3. I used to ride motorbikes in my twenties and I still love them but I lost my nerve years ago. I blame my Kawasaki 400 which was so big I couldn’t put both feet on the ground at the same time, even on tippy toes.

4. I’m short – see 3 above.

5. When I was younger I used to wear 4″ heels to make me look 5’8″. Being short is hell!

6. I’m an absolute softie when it comes to kids and animals. I do however draw the line at spiders. Nothing with 8 legs need apply.

7. I don’t believe in god or in any religion but I do believe in goodness and I venerate life in all its forms. I justify my stance on roast chicken and spiders as hypocrisy with extenuating circumstances.

Phew, that was actually quite hard. Be warned my lovelies!

Now for the easy part – Seven bloggers I nominate for the ‘Tell me about yourself’ award :

–  Jennifer Scoullar.  Jennifer is another aussie but I’m nominating her because she can write like crazy.

The Pink Agendist.  Because this is a man with a big heart. And he can cook!

Courtney Bluebird.  Bluey is not an aussie but she could be 🙂  She is also teaching me about poetry and deserves a medal of valour for that.

Maggie O.  Maggie is funny and kind, she is also funny and loves animals. Oh and did I say she was funny? Well she is 🙂

Alex Laybourne.  Alex writes horror but it’s his understanding of human nature that is his greatest talent.

Caressingthemuse.  Stephanie is a whiz at marketing and shares her knowledge with great generosity. She also has a way with words that makes learning fun.

Sable City.  M. Edward McNally creates worlds I want to visit and has a sense of humour that hits all the right buttons with me.

I have dear friends I haven’t nominated this time around but DaudCandy, Metan, SweetMother, I love you all!


Lord Daud has entered the building!

Lord David Prosser, affectionately known as Lord Daud, is the author of three superb and deliciously funny books set in Barsetshire and I discovered that he is as witty in person as he is in the books.

Wanting to get to know the man behind the books I asked him a number of -cough- insightful -cough- questions. I can’t honestly remember what the first one was but it must have included the term ‘rofl’ because this is what he said :

Lord Daud: “Yes, I’ve met ROFL and a few of it’s cousins, though
it took me a long time to twig that LOL wasn’t Lots of Love.”

ACF: You’ve just answered a question I hadn’t even thought to ask! Clearly your computer knowledge extends well beyond spam but how did you learn gaming terms??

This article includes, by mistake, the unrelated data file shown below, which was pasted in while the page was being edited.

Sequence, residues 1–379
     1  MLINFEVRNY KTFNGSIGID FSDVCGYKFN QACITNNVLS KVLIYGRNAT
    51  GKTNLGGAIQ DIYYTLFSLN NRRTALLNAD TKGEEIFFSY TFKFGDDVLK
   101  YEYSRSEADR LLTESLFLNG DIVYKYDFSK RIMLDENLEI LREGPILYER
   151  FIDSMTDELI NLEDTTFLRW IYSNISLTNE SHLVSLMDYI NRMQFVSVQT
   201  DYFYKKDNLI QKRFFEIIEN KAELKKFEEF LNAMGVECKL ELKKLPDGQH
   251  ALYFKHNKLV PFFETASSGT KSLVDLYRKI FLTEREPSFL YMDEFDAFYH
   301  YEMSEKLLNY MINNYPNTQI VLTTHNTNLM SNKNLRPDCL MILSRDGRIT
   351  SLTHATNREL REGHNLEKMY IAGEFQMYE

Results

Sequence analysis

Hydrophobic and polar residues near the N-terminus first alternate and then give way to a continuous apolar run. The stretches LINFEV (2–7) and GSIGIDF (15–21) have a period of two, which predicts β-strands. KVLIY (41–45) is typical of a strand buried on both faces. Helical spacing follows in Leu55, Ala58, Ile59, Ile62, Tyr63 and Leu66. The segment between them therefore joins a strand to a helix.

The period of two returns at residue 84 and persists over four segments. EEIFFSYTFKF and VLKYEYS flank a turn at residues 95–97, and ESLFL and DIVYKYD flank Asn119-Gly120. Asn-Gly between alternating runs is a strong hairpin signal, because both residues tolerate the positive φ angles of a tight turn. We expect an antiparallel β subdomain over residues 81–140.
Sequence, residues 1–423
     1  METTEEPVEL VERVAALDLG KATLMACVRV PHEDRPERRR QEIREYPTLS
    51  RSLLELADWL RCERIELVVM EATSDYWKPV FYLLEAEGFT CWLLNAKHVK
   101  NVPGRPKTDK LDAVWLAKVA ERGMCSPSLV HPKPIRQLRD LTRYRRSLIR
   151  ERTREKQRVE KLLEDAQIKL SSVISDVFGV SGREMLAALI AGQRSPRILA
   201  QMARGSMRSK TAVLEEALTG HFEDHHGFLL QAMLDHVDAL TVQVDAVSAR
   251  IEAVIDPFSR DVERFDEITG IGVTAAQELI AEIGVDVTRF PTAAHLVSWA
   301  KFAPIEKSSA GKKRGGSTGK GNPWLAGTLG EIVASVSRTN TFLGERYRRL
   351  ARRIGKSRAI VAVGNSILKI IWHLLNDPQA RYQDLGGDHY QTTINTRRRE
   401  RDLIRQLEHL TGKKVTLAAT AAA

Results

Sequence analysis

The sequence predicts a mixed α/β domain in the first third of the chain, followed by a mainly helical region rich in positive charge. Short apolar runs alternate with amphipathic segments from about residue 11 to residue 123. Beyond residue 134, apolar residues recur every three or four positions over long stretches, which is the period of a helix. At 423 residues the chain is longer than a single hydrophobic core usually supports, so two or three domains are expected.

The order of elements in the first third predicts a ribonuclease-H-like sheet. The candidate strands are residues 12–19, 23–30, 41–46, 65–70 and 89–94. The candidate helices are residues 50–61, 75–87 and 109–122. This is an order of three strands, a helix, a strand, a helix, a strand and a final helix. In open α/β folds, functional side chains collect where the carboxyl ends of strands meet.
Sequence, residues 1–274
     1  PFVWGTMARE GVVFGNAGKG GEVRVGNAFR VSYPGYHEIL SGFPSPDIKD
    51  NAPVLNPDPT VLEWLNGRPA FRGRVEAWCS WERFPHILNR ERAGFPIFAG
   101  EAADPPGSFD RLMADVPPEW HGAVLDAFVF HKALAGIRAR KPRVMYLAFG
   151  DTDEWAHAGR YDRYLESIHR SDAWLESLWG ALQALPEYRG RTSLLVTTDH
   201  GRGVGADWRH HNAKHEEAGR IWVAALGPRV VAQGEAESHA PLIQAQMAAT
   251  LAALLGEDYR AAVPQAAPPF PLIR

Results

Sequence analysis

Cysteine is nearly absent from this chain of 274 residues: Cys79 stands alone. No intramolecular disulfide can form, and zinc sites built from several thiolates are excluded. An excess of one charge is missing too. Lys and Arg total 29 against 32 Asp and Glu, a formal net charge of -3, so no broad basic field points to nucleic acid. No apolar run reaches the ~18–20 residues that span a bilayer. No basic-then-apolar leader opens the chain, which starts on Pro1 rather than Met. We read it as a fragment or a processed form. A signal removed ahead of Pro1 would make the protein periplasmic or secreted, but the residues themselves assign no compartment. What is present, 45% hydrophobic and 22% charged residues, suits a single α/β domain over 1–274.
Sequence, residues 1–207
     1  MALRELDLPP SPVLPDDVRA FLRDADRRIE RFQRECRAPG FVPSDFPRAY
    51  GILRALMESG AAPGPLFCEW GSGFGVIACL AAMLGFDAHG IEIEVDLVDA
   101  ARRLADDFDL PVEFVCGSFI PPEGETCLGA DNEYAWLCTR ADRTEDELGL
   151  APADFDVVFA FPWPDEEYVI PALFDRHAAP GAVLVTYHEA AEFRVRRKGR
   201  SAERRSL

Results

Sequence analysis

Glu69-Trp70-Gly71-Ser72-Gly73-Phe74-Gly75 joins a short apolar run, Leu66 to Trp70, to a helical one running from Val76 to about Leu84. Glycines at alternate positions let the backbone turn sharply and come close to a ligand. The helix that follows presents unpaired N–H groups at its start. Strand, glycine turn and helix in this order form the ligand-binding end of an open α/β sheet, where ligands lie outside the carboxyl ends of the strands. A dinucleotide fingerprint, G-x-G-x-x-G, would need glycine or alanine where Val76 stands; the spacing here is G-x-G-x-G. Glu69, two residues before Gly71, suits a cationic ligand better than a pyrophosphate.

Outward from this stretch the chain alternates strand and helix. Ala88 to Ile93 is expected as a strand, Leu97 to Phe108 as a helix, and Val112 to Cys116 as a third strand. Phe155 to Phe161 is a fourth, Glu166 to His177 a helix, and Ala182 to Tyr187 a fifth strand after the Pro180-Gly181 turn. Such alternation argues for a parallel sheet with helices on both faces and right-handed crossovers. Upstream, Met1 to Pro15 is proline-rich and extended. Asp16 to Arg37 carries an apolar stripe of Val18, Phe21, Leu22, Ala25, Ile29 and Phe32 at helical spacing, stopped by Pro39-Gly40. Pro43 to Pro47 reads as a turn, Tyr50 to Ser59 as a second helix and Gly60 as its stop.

Lord Daud: “I think these terms have gone well beyond gaming now and entered every day life. During a conversation with a Facebook friend he introduced me to the first few of these including ROFL and one or two others. As I asked about the first one he’d come up with another and suggest I tried to translate it. FOCROFLMAO was a late attempt of his and I decided to stop after I’d guessed Fell Off Chair..”

ACF: lol – I had to look that one up myself! While we’re on the subject of computers I’d love to know where the inspiration for the spam responses came from? They made me laugh almost as much as Oscar!

Lord Daud: “I was getting almost daily emails from a psychic telling me she had my lucky numbers and special dates ready as soon as I’d paid my fee. I suggested if she was so confident of her abilities that maybe she could trust me with them up front and I’d forward the fee out of my winnings. For some reason the messages stopped soon after. Like most people I seem to get a lot of unwanted spam and decided humour was the best way to deal with it since frustration got me nowhere.”

ACF: From inspiration to craftsmanship. You seem to write as effortlessly as someone who has been writing all his life. How did you learn your craft and what advice would you give to those of us still asking, ‘are we there yet?’

Lord Daud: “Well, apart from the first four or five formative years I have been writing all my life. Starting quite early with’ Please excuse me for forgetting to include £5.00 in this letter for you but I’d already sealed the envelope before I remembered’.”

“In all honesty I probably went through the same stages as everyone else. Hideous poems when a lovesick youth, to writing references for people I hardly knew, for jobs they couldn’t possibly do, without offending them.”

“I loved my English lessons at school as the teacher (Chalky White) could be relied upon to tell ghost stories if we could get him in the right mood.”

“When I retired I had a bit of fun when someone asked me about my day and I responded as a diary entry. The rest is History…well English really. I doubt you can say I learned writing as a craft but I’ve always been a keen observer of people.”